The slick sheen of commercialism is all over Wyne Veen's work. The Dutch artist, who's teamed up with Rolex, Ikea and Wallpaper* in the past, is no stranger to the glossy world of the hard sell in photography. Using materialism and its products as a platform for questions on why things exist is nothing new but Veen's imagery manages to carve out a niche in the world of cosumer meets conceptual art. Her emphasis on other peoples' creations is not derivative, but philosophical. She sees everything that is overly constructed as the perfect combination of human strength and weakness – bringing together optimum human performance with the object-worship of consumer culture.
While she dabbles in the irreverent (her cat gifs are a must-see) Veen also focusses a lot of her work on the principle that through taking things out of context our preconceptions are displaced and we're faced with something alien. In the process of isolating the materials she chooses, she reshapes their meaning; it's often hard to recognise what they are made of or what purpose they serve, so they become abstract and sculptural artworks instead. These results are often unnerving and absurd, but they consistently remain aesthetically seductive. Dazed caught up with Veen to hear more.
What message are you trying to communicate?
Wyne Veen: I think my fantasy is far from the way we're taught to perceive things. When these two perspectives are combined surprising new outcomes arise that question general perception. By isolating objects I give people the option to reinterpret and look at things in a more open way. Presenting objects in my created non-environment I try to show things as they really are, stripped from any pre-contextual connotations. It's the worship and the necessity of production that makes people live their lives far from constructively.
I find the notion of 'manufactured lives' and the fact that we're 'endlessly drawn to all steps of the production process' really interesting can you tell me more about these ideas.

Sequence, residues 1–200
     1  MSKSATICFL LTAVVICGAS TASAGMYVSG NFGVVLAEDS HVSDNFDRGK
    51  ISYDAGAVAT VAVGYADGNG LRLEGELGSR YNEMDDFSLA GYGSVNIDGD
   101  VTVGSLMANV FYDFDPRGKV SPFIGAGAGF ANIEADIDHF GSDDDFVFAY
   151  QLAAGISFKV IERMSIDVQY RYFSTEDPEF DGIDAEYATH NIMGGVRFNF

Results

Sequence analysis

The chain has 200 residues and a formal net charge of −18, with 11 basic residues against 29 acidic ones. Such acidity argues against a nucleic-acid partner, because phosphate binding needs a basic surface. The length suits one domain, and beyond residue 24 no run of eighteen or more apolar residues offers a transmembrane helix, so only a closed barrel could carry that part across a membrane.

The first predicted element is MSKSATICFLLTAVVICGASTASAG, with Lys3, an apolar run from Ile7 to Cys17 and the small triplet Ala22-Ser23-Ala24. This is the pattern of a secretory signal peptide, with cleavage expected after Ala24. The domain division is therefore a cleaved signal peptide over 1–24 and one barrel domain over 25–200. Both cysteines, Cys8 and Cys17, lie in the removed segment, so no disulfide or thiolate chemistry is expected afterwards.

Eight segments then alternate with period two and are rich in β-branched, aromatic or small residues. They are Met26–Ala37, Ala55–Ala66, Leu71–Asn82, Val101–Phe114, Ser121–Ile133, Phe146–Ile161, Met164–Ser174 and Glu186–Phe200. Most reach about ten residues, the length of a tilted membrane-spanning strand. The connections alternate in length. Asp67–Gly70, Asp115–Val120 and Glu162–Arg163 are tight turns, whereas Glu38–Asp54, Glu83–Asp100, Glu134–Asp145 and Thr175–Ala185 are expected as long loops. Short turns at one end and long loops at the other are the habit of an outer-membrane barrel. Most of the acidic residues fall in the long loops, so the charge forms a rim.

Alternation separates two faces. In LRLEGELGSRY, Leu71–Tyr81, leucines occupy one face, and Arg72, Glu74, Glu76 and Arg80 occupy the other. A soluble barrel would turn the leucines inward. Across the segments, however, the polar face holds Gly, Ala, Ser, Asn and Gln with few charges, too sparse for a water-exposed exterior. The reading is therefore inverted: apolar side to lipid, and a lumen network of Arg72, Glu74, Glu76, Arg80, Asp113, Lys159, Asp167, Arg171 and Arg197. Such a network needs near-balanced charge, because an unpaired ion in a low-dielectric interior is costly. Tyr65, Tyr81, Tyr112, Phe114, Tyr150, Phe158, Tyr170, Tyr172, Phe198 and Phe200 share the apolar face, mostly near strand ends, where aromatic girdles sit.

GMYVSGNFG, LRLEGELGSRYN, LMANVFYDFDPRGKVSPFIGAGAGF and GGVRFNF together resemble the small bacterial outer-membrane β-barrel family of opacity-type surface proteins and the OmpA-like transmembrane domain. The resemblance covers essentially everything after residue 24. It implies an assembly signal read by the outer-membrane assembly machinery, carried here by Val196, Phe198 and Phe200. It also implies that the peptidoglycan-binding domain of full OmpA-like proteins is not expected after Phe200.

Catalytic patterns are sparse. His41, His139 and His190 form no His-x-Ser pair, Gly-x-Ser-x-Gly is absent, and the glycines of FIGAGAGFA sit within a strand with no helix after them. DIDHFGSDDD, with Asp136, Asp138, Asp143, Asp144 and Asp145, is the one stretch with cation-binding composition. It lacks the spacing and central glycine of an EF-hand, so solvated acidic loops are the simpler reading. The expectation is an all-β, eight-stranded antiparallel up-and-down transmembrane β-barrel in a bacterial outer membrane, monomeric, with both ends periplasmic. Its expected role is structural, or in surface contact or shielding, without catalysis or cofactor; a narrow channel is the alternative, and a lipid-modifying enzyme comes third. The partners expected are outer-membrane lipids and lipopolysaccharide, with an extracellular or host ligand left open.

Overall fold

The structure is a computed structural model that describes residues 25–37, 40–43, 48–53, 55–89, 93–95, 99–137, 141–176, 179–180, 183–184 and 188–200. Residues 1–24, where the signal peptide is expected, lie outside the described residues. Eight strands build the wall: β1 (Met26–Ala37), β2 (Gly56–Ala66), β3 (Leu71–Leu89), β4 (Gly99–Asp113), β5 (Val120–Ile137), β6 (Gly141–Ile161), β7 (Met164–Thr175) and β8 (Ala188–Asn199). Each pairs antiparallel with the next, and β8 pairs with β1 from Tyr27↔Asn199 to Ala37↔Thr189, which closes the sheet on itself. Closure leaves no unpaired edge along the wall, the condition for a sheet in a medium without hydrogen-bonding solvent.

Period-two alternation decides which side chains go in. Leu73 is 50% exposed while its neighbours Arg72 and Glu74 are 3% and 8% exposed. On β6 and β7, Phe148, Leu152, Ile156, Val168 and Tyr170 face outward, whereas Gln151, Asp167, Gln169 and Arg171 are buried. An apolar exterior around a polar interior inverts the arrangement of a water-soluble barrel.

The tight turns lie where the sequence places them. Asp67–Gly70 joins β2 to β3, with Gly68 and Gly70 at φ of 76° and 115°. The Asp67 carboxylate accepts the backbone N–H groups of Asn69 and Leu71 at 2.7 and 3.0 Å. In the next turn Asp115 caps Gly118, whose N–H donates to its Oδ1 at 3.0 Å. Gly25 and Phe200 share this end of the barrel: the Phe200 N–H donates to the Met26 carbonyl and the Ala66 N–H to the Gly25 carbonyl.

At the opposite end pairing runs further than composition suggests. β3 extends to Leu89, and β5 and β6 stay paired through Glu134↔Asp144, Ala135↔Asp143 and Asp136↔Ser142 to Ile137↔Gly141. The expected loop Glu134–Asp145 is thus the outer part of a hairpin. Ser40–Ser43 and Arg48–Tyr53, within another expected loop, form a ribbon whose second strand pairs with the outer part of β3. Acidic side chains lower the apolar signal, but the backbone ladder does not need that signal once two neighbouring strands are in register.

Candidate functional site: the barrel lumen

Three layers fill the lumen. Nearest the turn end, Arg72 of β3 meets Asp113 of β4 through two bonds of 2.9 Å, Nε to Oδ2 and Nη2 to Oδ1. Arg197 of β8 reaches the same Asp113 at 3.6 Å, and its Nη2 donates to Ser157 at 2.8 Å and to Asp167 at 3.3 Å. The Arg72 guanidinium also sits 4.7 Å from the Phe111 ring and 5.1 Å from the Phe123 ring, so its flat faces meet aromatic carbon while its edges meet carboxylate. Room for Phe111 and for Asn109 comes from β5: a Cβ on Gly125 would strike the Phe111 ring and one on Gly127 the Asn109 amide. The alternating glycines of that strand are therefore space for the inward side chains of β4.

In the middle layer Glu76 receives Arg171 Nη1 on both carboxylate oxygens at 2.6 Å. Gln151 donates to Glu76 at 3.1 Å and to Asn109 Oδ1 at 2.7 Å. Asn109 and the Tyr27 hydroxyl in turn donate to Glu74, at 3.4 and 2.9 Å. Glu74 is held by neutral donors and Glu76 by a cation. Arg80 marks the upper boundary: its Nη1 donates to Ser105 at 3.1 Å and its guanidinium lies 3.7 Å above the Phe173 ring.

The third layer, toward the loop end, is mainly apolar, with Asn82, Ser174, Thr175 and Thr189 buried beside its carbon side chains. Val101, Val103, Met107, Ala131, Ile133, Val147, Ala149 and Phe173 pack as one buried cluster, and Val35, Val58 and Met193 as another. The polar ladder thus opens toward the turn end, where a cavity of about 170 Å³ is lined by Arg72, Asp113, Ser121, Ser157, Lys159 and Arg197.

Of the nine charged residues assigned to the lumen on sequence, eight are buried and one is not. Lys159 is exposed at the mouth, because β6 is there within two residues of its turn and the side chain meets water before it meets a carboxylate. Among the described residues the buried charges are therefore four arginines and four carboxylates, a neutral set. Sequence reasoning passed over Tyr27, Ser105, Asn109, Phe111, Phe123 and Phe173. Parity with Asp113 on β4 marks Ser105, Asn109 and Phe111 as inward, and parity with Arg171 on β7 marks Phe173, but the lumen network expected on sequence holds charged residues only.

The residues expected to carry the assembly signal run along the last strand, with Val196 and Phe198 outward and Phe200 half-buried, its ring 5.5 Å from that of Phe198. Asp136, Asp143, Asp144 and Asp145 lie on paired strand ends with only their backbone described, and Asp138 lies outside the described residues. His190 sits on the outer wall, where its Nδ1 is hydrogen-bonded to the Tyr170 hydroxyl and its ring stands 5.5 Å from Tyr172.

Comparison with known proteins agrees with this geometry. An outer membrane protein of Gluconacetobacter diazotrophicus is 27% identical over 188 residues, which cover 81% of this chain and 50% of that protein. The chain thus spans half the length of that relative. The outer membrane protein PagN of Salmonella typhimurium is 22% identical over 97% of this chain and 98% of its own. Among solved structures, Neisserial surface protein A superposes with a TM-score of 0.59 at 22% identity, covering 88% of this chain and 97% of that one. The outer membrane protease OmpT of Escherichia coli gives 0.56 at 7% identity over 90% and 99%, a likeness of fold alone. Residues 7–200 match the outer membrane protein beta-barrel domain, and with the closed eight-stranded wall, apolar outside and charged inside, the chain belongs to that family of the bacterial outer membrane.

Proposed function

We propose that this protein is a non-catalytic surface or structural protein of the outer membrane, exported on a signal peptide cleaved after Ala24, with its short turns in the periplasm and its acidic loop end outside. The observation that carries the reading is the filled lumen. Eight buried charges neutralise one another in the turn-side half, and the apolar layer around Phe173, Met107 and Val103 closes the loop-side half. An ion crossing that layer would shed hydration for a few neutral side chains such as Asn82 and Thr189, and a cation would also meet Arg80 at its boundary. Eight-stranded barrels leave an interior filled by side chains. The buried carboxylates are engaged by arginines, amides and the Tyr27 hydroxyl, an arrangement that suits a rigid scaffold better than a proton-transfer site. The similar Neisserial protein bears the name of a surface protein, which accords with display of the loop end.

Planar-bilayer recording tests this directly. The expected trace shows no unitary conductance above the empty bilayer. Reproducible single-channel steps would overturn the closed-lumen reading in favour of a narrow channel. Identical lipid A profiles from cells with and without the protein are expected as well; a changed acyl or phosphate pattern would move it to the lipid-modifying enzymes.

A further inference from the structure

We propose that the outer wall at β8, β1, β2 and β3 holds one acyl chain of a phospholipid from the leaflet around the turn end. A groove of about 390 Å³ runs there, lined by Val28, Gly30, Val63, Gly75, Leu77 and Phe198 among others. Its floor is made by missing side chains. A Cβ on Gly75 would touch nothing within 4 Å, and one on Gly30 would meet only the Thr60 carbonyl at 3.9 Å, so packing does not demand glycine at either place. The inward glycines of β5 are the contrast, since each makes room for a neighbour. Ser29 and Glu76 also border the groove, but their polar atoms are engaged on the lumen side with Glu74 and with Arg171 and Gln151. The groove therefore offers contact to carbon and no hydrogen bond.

Wyne Veen: Money driven decisions can lead to very weird product outcomes, whose existence simply makes no sense at all. Raw natural materials are transformed into many very similar things, like for example paint: There is a slightly different kind for each market you can think of: the beauty industry, car industry, housing, furniture, fashion, technology etc etc. An uplifting example on the other hand would be lightweight paint for airplanes; this is particularly useful and smart in many ways. There is general tragic unawareness about production processes. But all of the inventions produced are also very fascinating because it is human performance in an optimum form. There is also a strange disconnect in what we think is good for us and what actually would be 'good' for us. These developments tend to be dystopian to me. On a larger scale a city like Dubai represents it all in one for me. A city so disconnected from nature is very scary. Everything is based on the superlative degree. The most powerful people are blind – that's sad.
Some of your images use unappealing objects and make them look new and shiny. Do you think anything can be sellable if it is marketed right?
Wyne Veen: Easily. This is something I found out as a kid. I could be mesmerised for hours on end by pure visual joy. The right combination of aesthetics can have such an impact that it pushes further thought completely to the background. When I notice this process intruding into my own perception I can still be shocked by it. Making things look better than they are is a partially unfortunate and confusing skill I have, but I try to use it well. There are so many incredibly simple tricks to present something as it is not. We all want to be deceived for the better, but this ‘better’ does not even exist therefore disappointment is guaranteed.
Does living in Amsterdam affect your work?
Wyne Veen: Yes, definitely. I can be very down-to-earth here and that's why I need to get out of this extremely cosy city on a regular basis. People here tend to never go crazy, which is disturbing creativity-wise, but there's a certain comfort in it as well. You know what to expect. A very Dutch statement is: ‘act normal, it's crazy enough’ – awful.
What upcoming projects are you particularly excited about?
Wyne Veen: I've happily decided to expand my medium, which comes with a magnitude of new lovely options such as I am making a 3d animation about cat tails, I'm going to work with ceramics to make a Christmas bauble and I'm making a book.
What's your dream project if you could do or create anything you wanted?
I think I'd want to combine volcanoes, tsunamis, thunder and minerals and waterfalls and geysers to create the ultimate moving sculpture. I'd have equipment and a lot of people to help me with this. Everybody could see my creation once and they would know it was real and not some kind of vision and it would change their lives immediately and forever to nirvana. It would be better than the universe. Something like that. On a smaller scale I would like to make a hologram soon.